The league’s answer to all of this – that things are still tenuous for the league, and that centralized control is still necessary to ensure MLS’s success – does have a certain amount of merit. After all, Chivas USA folded at the end of last season, a fate that hasn’t befallen a franchise in any other North American pro sport for more than 30 years. The league also faces stiff competition from not only other, more traditional North American sports, but from other soccer leagues around the world; MLS trails Liga MX in popularity in America, mostly due to the Mexican diaspora, and arguably remains behind the Premier League and other European powerhouse teams in popularity, as well.
That said, though, this doesn’t make the new CBA any better for the players. And given that the owners didn’t give up much in the negotiation, it’s fair to say that labor is the loser in all of this.
The clear winners, however, are North American soccer fans, who narrowly avoided seeing a work stoppage at a time when soccer’s popularity is exploding. After watching every other North American sport shoot itself in the foot with work-stoppage issues, they have to be thrilled that this weekend’s coverage will be more about returning US national team stars and the debut of clubs in Orlando and New York City, rather than more talk about darkened stadiums.
The season kicks of Friday night. The players aren’t happy – seven teams reportedly voted against the deal – and the owners still fear for the future of the league. But at least the season will start on time.
The Journal de Montreal's banner sports headline today read (in French, of course): A TRUE MIRACLE. It was referring to the Montreal Impact's win over Pachuca in the CONCACAF Champions League quarterfinals, in which Montreal's Cameron Porter scored in the fourth minute of stoppage time to send the Impact through to the semifinals.
While Porter scored the goal, it was made by Minnesota native Calum Mallace, who created it with some defensive hustle, followed by an astonishingly good 65-yard pass to set Porter up. Watch the goal here:
Mallace, scrambling back on defense as Pachuca tried to kill the game, picked up a loose ball and raced up the center of the field. His pass landed perfectly, hitting Porter in stride but landing far enough that the keeper couldn't come out to clear his lines, and Porter scrambled around the Pachuca right back and poked the ball under the keeper and into the net.
Here's another view, from behind the goal.
That's a heck of a pass.
Chicago and Los Angeles are set to kick off the Major League Soccer season on Friday night, but with the opening game just two spaces down on the calendar, and the league's full Saturday slate barely 72 hours away, no deal has been reached in the ongoing CBA talks between the owners and the players' union. The two sides negotiated late into the evening in Washington, D.C. last night, with owners and league officials departing before midnight and the players' side staying past the early morning hours. The players' frustration was evident; one source on their side was quoted as saying, "It's shocking. The owners are almost wanting a work stoppage." by the Washington Post's Steven Goff.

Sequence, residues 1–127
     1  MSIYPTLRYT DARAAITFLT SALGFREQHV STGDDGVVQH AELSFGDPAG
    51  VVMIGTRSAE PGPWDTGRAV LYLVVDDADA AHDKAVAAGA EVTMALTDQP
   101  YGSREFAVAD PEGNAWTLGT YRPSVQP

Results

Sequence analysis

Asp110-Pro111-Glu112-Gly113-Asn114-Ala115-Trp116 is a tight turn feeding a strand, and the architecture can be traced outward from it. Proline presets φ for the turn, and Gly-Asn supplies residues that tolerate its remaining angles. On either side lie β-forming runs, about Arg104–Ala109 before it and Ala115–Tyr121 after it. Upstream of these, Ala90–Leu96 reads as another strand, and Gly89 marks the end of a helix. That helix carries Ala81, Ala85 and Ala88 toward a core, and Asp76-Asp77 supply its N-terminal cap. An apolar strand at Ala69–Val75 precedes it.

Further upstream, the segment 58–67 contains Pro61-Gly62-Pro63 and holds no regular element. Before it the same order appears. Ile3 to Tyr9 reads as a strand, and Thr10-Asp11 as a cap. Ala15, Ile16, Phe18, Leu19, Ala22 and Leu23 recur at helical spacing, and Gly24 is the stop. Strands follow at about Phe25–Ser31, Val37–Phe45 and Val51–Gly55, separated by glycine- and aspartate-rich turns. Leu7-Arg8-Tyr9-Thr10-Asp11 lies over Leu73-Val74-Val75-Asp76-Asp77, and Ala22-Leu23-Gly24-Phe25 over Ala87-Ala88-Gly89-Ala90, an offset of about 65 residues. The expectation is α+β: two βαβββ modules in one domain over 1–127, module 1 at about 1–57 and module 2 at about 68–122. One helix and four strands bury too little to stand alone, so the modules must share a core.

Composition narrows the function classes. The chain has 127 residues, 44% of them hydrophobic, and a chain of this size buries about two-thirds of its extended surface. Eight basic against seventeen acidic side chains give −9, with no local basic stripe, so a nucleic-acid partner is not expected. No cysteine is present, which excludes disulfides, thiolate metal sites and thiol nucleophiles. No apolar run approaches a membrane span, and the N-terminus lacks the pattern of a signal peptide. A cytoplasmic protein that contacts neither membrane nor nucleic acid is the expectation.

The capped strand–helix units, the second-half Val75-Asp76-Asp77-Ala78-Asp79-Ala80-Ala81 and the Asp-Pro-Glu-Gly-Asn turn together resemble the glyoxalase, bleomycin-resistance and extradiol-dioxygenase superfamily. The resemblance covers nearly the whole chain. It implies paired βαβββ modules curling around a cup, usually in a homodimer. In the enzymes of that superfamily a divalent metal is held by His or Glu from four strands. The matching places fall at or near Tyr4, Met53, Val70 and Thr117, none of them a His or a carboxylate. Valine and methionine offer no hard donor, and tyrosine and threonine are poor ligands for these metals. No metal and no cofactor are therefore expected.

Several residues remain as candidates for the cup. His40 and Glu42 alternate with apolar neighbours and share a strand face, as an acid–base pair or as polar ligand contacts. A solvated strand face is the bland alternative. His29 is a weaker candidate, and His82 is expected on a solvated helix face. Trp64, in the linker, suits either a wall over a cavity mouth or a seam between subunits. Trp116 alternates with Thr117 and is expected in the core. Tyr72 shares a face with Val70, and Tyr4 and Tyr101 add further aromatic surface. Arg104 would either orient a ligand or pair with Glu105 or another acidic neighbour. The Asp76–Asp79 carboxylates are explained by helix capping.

The central issue of the talks appears to be free agency, with the owners unwilling to consider anything like the open competition for players that has become the norm virtually everywhere else in the professional sports world. At one point yesterday, the owners reportedly offered a modified form of free agency that would have offered freedom to only players who had played at least 10 years with their current team - a rule so draconian that exactly one MLS player, Houston midfielder Brad Davis, would have qualified. Later in the day, several sources reported that the owners had nudged this offer to include players who were at least 28 years old, and had spent at least eight years in the league - but that those players, while able to choose their new team, would have their salary increases capped at 10%.
For comparison's sake, NHL players are able to reach unrestricted free agency at age 27, and after seven years in the league - and of course there is no limit on what kind of salary increase the player might make. Players may reach restricted free agency earlier, generally around age 25, in which teams must make qualifying offers to retain a right of refusal on any contract offer the player might sign; otherwise, the player becomes unrestricted. In baseball, age is not a factor; players are effectively indentured servants for three years, then have three years in which they may take contract grievances to an arbitrator, after which they may become unrestricted free agents.
Perhaps the biggest difference, however, is that it is only in MLS where teams claim a right to players even after contracts expire. In every other sport, it's taken for granted that once a player's contract is over, and a team has renounced the ability to sign that player, then the player may sign with any team he chooses. In MLS, this isn't true.
The few signs of hope on Wednesday morning, after three fruitless days of negotiating, were simply that the season hadn't yet been delayed. Several sources this morning reported that players still planned to board their scheduled flights for this weekend's games, leaving open the possibility that a deal could still happen. Montreal played its CONCACAF Champions League quarterfinal as scheduled on Tuesday - with Minnesota native Calum Mallace providing the key assist late in the game to send the Impact through to the semifinals - and there was no indication that DC United planned to skip its own quarterfinal on Wednesday night.
Assuming players do indeed make their scheduled flights, the decision process could be delayed all the way up until Friday afternoon. But with the sides still so far apart on the free agency issue, very few seemed optimistic that a deal was possible - let alone imminent.